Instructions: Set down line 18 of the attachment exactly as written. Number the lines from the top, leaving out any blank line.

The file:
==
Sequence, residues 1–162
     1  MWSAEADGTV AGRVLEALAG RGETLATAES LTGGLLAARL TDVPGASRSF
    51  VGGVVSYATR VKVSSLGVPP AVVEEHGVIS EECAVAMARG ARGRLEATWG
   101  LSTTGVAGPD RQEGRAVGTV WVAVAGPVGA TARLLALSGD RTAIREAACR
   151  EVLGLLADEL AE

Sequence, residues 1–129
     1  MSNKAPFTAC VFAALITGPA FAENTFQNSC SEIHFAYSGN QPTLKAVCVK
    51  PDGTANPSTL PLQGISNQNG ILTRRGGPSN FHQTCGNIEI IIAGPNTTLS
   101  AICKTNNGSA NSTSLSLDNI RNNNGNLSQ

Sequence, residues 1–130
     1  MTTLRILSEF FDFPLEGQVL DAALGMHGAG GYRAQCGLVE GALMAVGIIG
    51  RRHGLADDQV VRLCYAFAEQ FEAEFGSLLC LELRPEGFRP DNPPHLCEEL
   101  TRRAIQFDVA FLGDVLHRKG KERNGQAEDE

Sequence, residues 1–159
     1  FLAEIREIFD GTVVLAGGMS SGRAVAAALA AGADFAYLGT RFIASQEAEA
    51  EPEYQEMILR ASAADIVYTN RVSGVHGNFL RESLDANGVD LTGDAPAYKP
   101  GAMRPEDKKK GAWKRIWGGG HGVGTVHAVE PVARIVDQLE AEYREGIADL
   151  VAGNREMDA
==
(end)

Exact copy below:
   151  VAGNREMDA